Human Rights Chief Pillay visits the world’s newest State: South Sudan

The visit by the United Nations High Commissioner for Human Rights Navi Pillay was her first since South Sudan became independent in July 2011. The security situation in South Sudan, one of the poorest countries in the world, continues to be fragile with frequent outbreaks of violence between competing tribes, abuses by security forces and a difficult and unsettled relationship with neighboring Sudan.

During her four days in South Sudan, Pillay met with the President Salva Kiir, the Speaker of the National Assembly and with the Justice Minister in the capital Juba.
She also flew to the Upper Nile region of Jonglei where there have been frequent clashes between the Sudan People’s Liberation Movement Army and rebel militia groups and continuing violence between tribal groups resulting in a severe, on-going humanitarian crisis.

Pillay was heartened, she said, to hear from the President that the Government is committed to ratifying the core human rights treaties. Once sound national laws which abide by the treaties are enacted then South Sudan will have a clear legal framework to address rule of law issues, she said.

In a briefing to journalists, Pillay said “being such a young State presents opportunities as well as disadvantages.”

“To some extent South Sudan is starting with a clean slate, and when it comes to passing good laws and establishing effective institutions, that can be an advantage,” she said.

Pillay recalled a comment from a civil society representative she had met who said, “The We’re still a young nation phrase should be avoided. Human rights are human rights, whatever the state of your development.”

“I could not agree more,” the High Commissioner said. “There are no excuses, not even the youthfulness of the state, for ignoring or violating human rights.”

In her meetings, the High Commissioner stressed the importance of due process, ensuring people are not arbitrarily detained, or held for long periods of time without being charged or tried.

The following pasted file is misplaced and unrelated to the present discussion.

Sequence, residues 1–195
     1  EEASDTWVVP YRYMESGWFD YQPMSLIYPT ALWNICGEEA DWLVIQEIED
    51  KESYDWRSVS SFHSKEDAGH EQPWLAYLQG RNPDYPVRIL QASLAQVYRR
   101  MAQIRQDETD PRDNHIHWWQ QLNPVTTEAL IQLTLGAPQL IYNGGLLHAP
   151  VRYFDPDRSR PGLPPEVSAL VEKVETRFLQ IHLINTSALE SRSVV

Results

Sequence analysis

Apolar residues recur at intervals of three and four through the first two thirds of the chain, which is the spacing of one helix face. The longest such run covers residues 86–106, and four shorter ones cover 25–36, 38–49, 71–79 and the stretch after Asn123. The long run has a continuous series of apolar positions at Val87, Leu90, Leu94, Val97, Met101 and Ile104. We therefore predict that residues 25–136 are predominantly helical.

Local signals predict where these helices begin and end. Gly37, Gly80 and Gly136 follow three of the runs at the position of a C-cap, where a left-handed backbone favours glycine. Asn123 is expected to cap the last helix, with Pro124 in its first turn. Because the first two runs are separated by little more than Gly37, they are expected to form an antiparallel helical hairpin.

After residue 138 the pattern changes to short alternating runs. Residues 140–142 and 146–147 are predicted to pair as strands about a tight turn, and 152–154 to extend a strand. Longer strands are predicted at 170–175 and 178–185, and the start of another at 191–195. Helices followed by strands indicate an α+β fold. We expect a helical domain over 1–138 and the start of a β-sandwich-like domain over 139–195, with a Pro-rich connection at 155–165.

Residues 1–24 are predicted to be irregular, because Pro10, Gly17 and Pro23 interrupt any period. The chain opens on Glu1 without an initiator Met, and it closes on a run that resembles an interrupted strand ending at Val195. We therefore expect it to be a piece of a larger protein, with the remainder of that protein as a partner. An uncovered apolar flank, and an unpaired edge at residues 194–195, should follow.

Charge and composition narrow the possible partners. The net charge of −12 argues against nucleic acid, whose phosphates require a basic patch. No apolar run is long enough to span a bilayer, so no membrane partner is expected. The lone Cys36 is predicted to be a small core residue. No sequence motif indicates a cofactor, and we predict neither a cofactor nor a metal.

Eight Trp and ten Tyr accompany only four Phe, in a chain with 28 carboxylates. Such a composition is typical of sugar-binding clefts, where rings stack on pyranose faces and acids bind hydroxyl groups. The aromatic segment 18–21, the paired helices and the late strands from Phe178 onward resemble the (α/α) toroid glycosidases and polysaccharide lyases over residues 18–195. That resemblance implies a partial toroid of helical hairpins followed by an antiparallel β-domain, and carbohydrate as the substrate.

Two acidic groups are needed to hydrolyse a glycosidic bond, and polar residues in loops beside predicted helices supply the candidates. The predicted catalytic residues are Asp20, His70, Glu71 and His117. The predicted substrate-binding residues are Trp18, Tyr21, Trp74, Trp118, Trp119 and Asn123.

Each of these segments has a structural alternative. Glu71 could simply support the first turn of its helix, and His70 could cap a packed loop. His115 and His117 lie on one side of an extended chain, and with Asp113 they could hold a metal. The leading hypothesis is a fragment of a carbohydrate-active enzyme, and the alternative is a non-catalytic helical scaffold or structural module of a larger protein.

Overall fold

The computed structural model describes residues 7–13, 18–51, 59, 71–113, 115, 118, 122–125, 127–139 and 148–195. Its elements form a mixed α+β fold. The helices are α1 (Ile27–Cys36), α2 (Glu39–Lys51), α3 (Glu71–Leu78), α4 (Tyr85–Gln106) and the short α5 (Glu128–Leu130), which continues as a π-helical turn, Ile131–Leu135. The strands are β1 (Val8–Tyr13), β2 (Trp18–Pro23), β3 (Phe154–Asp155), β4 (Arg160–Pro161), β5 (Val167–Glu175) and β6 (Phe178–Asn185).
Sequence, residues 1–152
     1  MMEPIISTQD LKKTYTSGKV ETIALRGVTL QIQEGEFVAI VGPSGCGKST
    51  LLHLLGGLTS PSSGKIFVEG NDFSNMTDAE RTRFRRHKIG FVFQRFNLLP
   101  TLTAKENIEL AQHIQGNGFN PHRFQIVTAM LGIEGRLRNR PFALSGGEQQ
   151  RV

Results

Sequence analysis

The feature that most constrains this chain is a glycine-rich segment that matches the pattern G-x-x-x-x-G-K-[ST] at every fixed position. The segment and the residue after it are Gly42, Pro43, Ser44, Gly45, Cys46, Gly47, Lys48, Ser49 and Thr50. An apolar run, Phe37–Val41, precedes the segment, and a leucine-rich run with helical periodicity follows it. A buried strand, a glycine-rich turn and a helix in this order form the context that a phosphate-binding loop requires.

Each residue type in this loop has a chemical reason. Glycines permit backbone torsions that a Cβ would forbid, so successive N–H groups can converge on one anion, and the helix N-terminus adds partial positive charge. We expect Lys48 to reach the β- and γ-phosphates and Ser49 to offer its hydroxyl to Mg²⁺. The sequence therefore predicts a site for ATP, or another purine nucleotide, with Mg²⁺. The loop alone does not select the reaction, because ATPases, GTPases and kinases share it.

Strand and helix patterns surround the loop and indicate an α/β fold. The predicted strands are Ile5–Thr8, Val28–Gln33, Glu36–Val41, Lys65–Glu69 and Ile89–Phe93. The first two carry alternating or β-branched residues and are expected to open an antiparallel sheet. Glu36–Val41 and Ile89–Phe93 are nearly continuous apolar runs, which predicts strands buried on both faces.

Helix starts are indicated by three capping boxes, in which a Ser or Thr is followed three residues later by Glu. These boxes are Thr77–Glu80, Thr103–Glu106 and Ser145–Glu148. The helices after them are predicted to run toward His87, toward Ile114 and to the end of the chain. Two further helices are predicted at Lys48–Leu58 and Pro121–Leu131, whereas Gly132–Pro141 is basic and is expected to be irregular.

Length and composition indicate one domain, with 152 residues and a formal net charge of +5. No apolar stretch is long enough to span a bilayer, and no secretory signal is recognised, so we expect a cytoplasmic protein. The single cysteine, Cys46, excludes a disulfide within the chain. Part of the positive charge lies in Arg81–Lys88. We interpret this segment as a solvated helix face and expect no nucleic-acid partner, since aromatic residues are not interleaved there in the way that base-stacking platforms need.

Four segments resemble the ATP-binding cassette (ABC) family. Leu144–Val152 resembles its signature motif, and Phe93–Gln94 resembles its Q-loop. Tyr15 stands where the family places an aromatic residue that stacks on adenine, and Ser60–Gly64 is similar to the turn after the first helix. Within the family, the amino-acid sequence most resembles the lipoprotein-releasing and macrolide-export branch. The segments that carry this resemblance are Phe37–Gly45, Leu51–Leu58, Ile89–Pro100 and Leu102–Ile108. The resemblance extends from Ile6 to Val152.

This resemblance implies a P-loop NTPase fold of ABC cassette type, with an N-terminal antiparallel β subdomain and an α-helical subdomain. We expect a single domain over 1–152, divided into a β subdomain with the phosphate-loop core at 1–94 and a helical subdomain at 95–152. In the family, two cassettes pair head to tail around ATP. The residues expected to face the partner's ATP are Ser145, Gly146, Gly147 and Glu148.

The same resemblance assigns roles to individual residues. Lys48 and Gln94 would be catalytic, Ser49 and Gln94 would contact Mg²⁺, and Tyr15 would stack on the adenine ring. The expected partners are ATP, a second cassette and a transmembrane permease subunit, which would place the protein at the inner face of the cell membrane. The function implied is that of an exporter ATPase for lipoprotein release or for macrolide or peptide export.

“There is a widely recognized need to make a sustained effort to combat impunity, particularly among members of the security forces who have been involved in torture, beatings and other unacceptable and criminal behavior,” Pillay said.

The High Commissioner also drew attention to the importance of boosting efforts to prevent discrimination against women. In Jonglei, Pillay spoke with civil society organizations and individual women who described the “extreme lack of rights for women living in South Sudan”.

They spoke, Pillay said, of the “tyranny of a dowry system that fuels the practice of early and forced marriage… Cases were described in which young girls who rejected forced marriage were ill treated and even beaten to death by their male relatives.”

“Such terrible forms of discrimination should not be explained away as cultural practices that cannot be challenged or changed. I believe in cultural rights, but not in the cultural repression of half the population,“ Pillay said.

Pillay concluded by urging support for South Sudan from the international community: “South Sudan is one of the poorest and least developed countries in the world, with more than 80 percent of the population living on less than USD 1 per day.
The challenges are enormous, and the people of South Sudan deserve the commitment of the international community to assist them along what will be a very long and difficult path to peace, prosperity and a full realization of human rights,” she said.

15 May 2012

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